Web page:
She thought she had the flu...fever, sore throat, sore muscles, but two days after walking into the hospital, Amy Rae Elifritz died from TSS.Toxic Shock Syndrome is an acute infection characterized by high fever, a sunburnlike rash, vomiting, and diarrhea, followed by, in severe cases, shock that is caused by a toxin-producing strain of the common bacterium staphylococcus aureus, occurring more often in young menstruating women, who use vaginal tampons.
Amy was a healthy 20 year old, whose symptoms were initially very mild and did not cause any undue concern. The fact that she was menstruating seemed unimportant.
On Wednesday afternoon prior to her death, she developed a fever and began vomiting. After an ibuprofen, her temperature quickly returned to normal. She assumed a flu bug had run its course. Amy was able to chat on her computer and watch TV that night, she went to sleep easily. Thursday morning, Amy felt somewhat better; her vomiting had ended, but she had developed diarrhea. She drank orange juice and 7-up to stay hydrated.
Friday morning, Amy woke up very weak with a sore throat and sore muscles, so her mother took her to Prompt Med as soon as it opened. Her blood pressure was low and her pulse rate high, so it was recommended that she go directly to the ER for hydration. When she arrived at the hospital, they immediately began fluids and did blood work only to discover her kidneys were at 25% function. Amy was admitted.
Saturday, Amy's condition had worsened. She had become septic and was moved to CCU where more aggressive treatment began. Within hours she developed fluid in her lungs, was sedated, and put on a ventilator.
By Sunday morning, the stress on Amy's body began to take its toll on her heart. She had two episodes throughout the day that required her heart to be shocked back into rhythm. A third heart episode proved to be more than her body could withstand.
Amy died Sunday night, June 13, 2010 at 10:55 p.m.
Amy's mother, Lisa Elifritz, founded You ARE Loved to help raise awareness about the link between tampons and TSS with the goal of saving lives.
Initially, toxic shock syndrome was associated with the use of ultra-absorbent tampons by menstruating girls and women. Between 1978 and 1980, thousands went to emergency rooms with high fever, vomiting, low blood pressure, diarrhea, and a rash resembling sunburn. Once ultra-absorbent tampons were taken off the market, the number of cases of toxic shock syndrome decreased substantially.
Although scientists still do not fully understand the link between TSS and tampons, most medical researchers suspect that tampons introduce oxygen into the vagina, which is normally an oxygen-free area of the body. Oxygen triggers bacterial growth, and the more absorbent the tampon, the longer it is left in place and the more toxin-producing bacteria it can harbor.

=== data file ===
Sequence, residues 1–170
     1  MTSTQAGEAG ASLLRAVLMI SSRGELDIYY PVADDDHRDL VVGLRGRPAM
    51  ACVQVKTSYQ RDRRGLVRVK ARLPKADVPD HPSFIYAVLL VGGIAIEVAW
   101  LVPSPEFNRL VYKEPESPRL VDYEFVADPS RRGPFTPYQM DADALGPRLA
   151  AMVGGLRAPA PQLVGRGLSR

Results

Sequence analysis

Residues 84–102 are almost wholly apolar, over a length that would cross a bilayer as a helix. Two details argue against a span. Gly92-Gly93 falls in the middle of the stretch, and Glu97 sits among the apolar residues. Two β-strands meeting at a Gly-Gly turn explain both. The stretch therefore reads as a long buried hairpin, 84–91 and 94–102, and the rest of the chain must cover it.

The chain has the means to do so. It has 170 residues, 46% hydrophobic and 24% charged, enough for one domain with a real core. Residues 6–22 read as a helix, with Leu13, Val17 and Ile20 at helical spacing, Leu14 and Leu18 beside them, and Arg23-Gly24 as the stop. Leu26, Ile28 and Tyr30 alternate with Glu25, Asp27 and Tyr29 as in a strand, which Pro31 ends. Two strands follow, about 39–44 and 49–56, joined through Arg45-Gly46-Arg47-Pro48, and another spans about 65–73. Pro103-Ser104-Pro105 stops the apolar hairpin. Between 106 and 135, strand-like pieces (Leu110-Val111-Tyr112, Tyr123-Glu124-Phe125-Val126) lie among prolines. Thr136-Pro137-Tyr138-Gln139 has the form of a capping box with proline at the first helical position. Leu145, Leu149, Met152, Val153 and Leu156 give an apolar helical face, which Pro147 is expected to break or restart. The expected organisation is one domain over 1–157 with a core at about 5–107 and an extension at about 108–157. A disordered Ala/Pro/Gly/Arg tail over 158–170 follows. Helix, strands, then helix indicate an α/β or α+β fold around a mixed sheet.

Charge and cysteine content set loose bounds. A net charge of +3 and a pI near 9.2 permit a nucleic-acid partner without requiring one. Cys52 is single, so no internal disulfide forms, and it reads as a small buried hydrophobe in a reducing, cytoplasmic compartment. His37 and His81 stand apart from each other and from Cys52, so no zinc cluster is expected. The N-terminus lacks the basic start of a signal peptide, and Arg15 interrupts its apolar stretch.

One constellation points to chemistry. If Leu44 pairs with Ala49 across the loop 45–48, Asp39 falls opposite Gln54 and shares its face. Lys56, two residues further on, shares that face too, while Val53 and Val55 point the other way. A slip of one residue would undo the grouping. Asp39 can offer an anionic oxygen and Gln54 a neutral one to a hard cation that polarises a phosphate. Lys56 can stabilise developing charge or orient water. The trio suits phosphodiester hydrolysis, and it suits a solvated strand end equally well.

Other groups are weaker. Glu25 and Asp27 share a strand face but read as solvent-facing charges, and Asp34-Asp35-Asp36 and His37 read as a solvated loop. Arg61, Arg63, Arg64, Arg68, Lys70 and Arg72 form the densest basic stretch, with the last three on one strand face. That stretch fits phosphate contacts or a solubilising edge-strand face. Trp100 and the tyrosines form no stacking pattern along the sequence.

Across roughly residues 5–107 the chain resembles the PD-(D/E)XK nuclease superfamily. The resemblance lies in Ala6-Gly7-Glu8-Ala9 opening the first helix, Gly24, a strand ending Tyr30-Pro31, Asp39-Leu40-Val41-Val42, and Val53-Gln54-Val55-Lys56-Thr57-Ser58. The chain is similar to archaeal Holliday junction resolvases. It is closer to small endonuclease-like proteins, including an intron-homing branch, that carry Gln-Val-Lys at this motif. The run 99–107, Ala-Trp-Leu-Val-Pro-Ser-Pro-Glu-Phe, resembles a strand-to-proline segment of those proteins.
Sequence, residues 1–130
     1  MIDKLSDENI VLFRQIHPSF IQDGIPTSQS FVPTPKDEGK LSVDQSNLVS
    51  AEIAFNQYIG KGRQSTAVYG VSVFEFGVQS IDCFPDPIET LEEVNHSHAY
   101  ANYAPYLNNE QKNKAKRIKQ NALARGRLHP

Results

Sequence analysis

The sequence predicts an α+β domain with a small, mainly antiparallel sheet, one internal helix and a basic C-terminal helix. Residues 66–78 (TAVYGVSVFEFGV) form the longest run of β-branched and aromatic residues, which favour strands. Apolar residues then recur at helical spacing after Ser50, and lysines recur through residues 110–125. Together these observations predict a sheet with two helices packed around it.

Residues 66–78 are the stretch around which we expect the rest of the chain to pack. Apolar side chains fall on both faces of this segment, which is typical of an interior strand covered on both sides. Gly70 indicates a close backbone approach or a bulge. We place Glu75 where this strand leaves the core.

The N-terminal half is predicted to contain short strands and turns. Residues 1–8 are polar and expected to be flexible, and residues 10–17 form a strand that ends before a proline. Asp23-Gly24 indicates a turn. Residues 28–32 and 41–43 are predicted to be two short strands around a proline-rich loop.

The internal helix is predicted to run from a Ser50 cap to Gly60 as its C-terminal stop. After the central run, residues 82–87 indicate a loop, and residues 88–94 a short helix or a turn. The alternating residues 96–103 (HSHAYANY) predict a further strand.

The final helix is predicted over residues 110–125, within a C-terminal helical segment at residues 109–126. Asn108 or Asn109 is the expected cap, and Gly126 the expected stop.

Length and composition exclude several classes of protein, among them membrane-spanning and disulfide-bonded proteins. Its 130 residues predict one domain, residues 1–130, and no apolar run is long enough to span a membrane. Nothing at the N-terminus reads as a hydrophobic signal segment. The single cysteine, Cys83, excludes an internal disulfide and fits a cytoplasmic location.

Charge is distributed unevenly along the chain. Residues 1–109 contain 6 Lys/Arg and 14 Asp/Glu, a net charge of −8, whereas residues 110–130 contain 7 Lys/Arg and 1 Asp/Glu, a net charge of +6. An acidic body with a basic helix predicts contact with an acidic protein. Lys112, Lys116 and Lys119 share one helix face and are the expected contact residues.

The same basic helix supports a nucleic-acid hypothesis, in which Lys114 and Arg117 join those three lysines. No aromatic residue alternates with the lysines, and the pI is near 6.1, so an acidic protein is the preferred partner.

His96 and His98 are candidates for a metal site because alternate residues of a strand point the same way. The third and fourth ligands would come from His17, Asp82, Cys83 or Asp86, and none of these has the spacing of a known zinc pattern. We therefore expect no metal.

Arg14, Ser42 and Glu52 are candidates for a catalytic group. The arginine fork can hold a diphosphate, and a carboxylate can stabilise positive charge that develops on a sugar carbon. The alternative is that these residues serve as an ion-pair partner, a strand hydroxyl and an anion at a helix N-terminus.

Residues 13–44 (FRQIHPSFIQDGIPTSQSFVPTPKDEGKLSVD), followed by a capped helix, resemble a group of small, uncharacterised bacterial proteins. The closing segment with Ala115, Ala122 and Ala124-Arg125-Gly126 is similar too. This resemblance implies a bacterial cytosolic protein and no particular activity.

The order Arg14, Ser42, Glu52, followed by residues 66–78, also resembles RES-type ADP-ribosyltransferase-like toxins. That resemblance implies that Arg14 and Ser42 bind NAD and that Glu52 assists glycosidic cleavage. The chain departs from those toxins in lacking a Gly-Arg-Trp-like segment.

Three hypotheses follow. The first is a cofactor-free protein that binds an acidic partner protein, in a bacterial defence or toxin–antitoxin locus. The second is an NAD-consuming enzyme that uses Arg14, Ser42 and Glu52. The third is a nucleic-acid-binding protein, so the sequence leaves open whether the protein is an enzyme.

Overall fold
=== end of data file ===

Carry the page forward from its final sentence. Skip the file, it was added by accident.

- General ill-feeling
- High fever, sometimes accompanied by chills
- Low blood pressure
- Muscle aches
- Nausea and vomiting
- Organ failure (usually kidneys and liver)
- Redness of eyes, mouth, throat
- Widespread red rash that looks like a sunburn
AFTER AFFECTS OF TSS:
- Loss of fingers and toes due to gangrene
- Permanent kidney and liver damage
- Deafness and blindness
- Peeling skin, and loss of nails and hair
- Continual infections
- Short term memory loss
- No energy for months or even years
- Psychological and emotional distress
- Wash hands before and after changing a tampon
- Change tampon frequently (every 4 to 6 hours) (My girls change their tampons everytime they have to use the bathroom, which is more frequent.)
- Use tampons that are NOT super absorbent
- Use pads at night (don't wear tampons all day)
- Use mini pads on light days
Contact a doctor immediately if your daughter develops a high fever or rash while menstruating, particularly if she has been using tampons during the entire course of her menstruation. A fever or rash following recent surgery is also cause for concern. Getting medical help as soon as possible after noting these symptoms may be the difference between life and death. According to the Mayo Clinic, anyone who has had a previous staph or strep infection, should stop using tampons completely.
My 15-year-old daughter just started wearing tampons last month and we did discuss TSS, but after reading Amy's story, I'm having second thoughts about letting her wear tampons.
If you have a tween or teen daughter, discuss these prevention strategies and signs and symptoms of TSS.